And so, gutting NEPA actually puts frontline communities in a really vulnerable position, even if it is to speed up renewable energy transitions, where, at the same time, you have a lot of climate justice activists also calling for permitting reform, but in a way that protects democratic participation, that is about — right? — increasing the amount of planning, that is about making community consultations upfront, more powerful, less antagonistic, trying to sort of build a procedure for infrastructure decisions that helps build trust. But those recommendations are largely being sort of pushed aside, talked about as insufficient, because, I think — like I said, in part because of the concessions that happened with the IRA to pass it, there is an increasing sort of narrative about the tension between justice and urgency that’s presenting a false choice, that says, essentially, we have to do whatever we have — we have to increase the deployment of renewable energy by any means necessary, even if that means reducing democratic participation, because there’s just, like I said, a narrative that says we don’t have enough time to make sure that the transition is just, if there is any chance that that doesn’t come in the form of just like regulatory streamlining across the board.
AMY GOODMAN: Rhiana, you call for the expansion of Justice40, a Biden administration initiative that aims to direct 40% of the benefits of federal clean energy and other climate investments to disadvantaged communities. How can this be expanded? And how can the Biden administration nationally subsidize divestment from fossil fuels? We’ll end with those two questions.
RHIANA GUNN–WRIGHT: Can you repeat that last question?
AMY GOODMAN: How can the Biden administration nationally subsidize divestment from fossil fuels equitably?
RHIANA GUNN–WRIGHT: Oh, OK, totally. So, on the first part, so Justice40 is the administration’s — pretty much their signature environmental justice initiative, which says that 40% of the benefits of climate and energy investments need to go to disadvantaged communities. I call for the expansion of Justice40 because Justice40 was actually initiated before the IRA, and so it is unclear right now whether Justice40 will apply to IRA spending across the board.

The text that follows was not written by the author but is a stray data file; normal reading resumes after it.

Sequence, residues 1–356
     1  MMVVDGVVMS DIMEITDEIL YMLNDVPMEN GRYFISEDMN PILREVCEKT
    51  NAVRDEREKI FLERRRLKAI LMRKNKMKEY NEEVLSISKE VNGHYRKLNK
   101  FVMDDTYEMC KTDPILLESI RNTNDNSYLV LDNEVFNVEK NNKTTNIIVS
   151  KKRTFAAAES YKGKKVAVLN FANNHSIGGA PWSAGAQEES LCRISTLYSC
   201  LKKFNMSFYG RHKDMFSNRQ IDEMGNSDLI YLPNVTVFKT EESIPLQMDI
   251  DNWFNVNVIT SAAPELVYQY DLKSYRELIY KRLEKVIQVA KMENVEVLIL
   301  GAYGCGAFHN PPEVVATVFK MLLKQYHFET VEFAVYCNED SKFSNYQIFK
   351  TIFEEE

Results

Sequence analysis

What we have seen with Justice40 is there is a tendency to mostly include programs that are sort of legacy environmental justice programs, like weatherization, energy efficiency, or just programs that are sort of siloed in the environmental justice camp, and not necessarily spending related to the energy transition more broadly. So I’m calling for Justice40 to cover all of that, right? Because that’s how we make sure —
AMY GOODMAN: And, Rhiana, we just have less than a minute to go. So, I want to —
RHIANA GUNN–WRIGHT: — that the transition does, in fact, benefit everyone, if all of the spending is included.
At the same time, I do note that, like, funding for projects and technologies that frontline communities have repeatedly opposed, say, like carbon capture and storage, that shouldn’t be included in Justice40. At the end of the day, it’s just disrespectful if that is not actually the vision that frontline communities have for their role in the green transition. They want to get polluting infrastructure out entirely, so we should be investing in renewable energy projects that they’re asking for, whether that’s community solar, microgrids, publicly owned and provided renewable energy — excuse me — microgrids. Those are the sort of things that, over and over, frontline communities and the groups that represent them say that they want to get out of a green transition.
AMY GOODMAN: Rhiana, we’re going to have to leave it —
RHIANA GUNN–WRIGHT: As far as the Biden administration, how to divest from —
AMY GOODMAN: We have less than 30 seconds, Rhiana, just less than 30 seconds, on that last point of the Biden administration.
RHIANA GUNN–WRIGHT: Sure, yeah. For fossil fuel divest, well, one is there have to be no new leases for fossil fuel projects. The second is that we really need to form, at the very least, a commission to discuss how do we have a responsible wind down of fossil fuels. Right now we’re leaving the divestment and wind down of the fossil fuel industry up to the industry entirely. And what we’re seeing over and over is they’re not investing in that. And it’s very increasingly unlikely that they, in fact, will be investing in low-carbon energy in a real way. And so, without really a publicly planned transition, we’re going to end up with a transition off of fossil fuels that’s not just inequitable for Black people, but that harms workers, residents, everyone, consumers, and especially folks from regions where fossil fuels are a big part of that local economy.
AMY GOODMAN: Rhiana Gunn-Wright, I want to thank you so much for being with us, one of the architects of the Green New Deal. We’ll link to your piece in Hammer & Hope, “Our Green Transition May Leave Black People Behind.”
Coming up, we look at why thousands of Afghan evacuees are being arbitrarily detained overseas waiting to come into the United States. Back in 20 seconds.